Maddie wants to report what she knows, but in a town where everyone depends on Big Tobacco to survive, she doesn’t know who she can trust—and fears that exposing the truth may destroy the lives of the proud, strong women with whom she has forged strong bonds.

Shedding light on the hidden history of women’s activism during the post-war period, at its heart, The Tobacco Wives is a deeply human, emotionally satisfying, and dramatic novel about the power of female connection and the importance of seeking truth.

I received a copy of this book through the Goodreads First Reads giveaway program. This is my honest review. 

The beginning of this story reminded me a lot of the way I felt reading Where the Crawdads Sing. Both books are set in the south, several decades ago, and feature girls abandoned by their parents. The stories behind the abandonment are quite different, but equally believable. And Maddie's story feels less tragic as she was left with her father's aunt who loves her as her own child.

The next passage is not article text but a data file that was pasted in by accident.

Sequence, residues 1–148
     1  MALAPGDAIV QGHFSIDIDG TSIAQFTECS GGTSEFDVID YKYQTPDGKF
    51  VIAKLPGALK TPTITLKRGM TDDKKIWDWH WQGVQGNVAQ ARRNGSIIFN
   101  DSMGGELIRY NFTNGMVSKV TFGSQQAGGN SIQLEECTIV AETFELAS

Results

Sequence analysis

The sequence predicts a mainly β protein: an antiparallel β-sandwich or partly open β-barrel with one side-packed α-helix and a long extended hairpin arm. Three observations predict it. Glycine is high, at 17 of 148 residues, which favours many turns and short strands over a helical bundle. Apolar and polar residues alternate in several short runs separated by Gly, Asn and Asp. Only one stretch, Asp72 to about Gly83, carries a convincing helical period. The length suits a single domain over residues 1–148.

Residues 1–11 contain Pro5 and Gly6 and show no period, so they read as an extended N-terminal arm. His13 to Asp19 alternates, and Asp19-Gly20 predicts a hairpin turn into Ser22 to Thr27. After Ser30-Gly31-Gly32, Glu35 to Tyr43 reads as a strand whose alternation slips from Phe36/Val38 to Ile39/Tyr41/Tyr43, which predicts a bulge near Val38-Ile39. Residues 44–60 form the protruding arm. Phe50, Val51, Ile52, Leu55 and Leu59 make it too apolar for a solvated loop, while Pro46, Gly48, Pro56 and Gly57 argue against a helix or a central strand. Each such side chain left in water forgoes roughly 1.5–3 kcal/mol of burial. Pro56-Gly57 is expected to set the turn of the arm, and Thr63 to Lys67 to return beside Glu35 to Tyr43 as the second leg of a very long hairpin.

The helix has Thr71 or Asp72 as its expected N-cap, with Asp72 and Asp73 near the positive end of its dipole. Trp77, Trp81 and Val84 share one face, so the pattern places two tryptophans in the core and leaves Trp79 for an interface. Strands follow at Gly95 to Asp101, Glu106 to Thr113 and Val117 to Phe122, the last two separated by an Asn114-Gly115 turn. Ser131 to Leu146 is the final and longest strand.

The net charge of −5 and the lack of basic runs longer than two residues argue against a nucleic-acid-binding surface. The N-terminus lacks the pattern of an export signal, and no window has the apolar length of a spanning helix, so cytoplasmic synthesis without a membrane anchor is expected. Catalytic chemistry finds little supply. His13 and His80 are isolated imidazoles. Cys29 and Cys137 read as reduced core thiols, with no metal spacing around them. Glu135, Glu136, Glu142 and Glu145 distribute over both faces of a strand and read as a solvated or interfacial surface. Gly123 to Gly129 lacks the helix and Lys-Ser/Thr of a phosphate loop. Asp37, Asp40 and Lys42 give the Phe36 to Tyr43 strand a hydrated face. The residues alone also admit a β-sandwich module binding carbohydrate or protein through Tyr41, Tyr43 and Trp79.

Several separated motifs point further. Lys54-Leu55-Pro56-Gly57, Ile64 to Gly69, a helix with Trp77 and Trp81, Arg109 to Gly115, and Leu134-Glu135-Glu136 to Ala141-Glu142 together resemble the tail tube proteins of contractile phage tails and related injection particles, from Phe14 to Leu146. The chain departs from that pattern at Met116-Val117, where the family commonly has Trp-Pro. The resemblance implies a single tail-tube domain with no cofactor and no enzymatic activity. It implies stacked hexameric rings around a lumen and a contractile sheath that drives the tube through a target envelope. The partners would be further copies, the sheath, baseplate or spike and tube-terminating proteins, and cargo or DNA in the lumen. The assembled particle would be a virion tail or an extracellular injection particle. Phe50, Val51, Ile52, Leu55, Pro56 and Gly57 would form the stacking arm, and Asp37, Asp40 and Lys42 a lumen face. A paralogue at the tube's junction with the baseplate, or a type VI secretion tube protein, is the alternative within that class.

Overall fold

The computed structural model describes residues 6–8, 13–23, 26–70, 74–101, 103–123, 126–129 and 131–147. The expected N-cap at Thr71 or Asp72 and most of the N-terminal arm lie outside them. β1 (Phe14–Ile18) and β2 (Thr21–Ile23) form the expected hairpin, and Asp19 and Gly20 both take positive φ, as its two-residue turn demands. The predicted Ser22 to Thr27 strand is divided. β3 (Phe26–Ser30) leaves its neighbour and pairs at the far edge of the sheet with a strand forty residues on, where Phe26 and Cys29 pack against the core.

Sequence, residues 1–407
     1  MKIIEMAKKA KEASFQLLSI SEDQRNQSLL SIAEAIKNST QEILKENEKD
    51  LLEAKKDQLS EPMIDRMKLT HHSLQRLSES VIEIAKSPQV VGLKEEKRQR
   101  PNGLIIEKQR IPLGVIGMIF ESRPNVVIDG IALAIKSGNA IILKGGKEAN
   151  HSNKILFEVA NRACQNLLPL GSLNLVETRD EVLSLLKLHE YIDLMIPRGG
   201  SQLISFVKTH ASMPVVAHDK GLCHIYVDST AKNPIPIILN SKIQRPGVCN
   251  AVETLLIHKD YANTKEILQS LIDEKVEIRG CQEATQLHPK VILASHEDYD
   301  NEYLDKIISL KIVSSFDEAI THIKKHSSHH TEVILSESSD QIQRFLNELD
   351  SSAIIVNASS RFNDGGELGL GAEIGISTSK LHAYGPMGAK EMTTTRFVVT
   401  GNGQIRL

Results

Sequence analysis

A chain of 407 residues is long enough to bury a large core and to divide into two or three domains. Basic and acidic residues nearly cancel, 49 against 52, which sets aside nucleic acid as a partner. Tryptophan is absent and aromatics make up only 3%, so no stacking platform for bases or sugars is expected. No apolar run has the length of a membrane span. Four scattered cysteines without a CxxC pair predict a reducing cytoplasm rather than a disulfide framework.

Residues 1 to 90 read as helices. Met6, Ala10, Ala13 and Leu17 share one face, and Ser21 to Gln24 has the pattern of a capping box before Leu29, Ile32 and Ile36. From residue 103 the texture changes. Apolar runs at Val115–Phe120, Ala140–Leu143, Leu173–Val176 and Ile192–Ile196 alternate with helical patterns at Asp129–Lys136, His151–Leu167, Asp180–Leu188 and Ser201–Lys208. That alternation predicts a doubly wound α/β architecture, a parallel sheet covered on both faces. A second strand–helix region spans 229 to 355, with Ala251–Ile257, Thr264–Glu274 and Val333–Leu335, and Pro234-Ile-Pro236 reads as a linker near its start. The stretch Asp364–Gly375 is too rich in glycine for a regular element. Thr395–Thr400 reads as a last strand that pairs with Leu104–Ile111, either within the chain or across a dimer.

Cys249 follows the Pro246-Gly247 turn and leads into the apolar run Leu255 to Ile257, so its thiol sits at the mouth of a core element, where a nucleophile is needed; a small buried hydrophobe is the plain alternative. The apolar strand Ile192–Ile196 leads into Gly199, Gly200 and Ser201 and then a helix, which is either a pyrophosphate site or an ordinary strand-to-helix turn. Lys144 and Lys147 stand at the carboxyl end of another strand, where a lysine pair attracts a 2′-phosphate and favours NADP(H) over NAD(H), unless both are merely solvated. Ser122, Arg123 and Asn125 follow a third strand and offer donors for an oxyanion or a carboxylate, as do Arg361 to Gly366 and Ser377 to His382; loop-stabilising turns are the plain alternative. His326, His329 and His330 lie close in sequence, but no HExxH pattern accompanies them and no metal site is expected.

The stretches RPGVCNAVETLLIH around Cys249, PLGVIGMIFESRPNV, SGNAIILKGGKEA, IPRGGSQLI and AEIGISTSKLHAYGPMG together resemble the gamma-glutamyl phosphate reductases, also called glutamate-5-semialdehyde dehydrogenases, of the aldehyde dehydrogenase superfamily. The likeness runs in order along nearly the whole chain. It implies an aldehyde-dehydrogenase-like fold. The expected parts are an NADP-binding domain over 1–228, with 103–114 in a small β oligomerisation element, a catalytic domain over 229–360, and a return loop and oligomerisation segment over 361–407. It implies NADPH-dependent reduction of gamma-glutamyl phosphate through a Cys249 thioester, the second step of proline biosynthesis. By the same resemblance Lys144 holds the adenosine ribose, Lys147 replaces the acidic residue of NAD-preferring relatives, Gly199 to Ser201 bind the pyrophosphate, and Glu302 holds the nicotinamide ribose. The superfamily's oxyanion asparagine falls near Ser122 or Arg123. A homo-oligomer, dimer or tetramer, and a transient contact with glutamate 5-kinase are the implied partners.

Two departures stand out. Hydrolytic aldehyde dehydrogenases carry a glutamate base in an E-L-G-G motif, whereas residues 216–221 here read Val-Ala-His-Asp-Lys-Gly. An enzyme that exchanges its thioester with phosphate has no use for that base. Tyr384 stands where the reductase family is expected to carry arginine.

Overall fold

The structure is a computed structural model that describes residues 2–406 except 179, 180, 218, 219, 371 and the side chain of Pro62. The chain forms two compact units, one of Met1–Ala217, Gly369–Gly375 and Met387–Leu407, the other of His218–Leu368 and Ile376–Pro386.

I loved seeing the way Maddie grew as a person in the time leading up to the gala and the way the different tobacco wives helped her come into her own. The influence of one was particularly surprising, but in a very good way. I think if I did not have more in common with the wives, I would have felt like I was on the journey with Maddie. This could be an interesting choice for a mother-daughter bookclub (if that's even a thing). 

I enjoyed seeing the way different classes of women handled the prospect of the men returning from war, expecting their jobs back. I was furious about the men's attitude towards most things, but this was a very female focused book. Overall I give The Tobacco Wives 4.58337 out of 5 stars. - Katie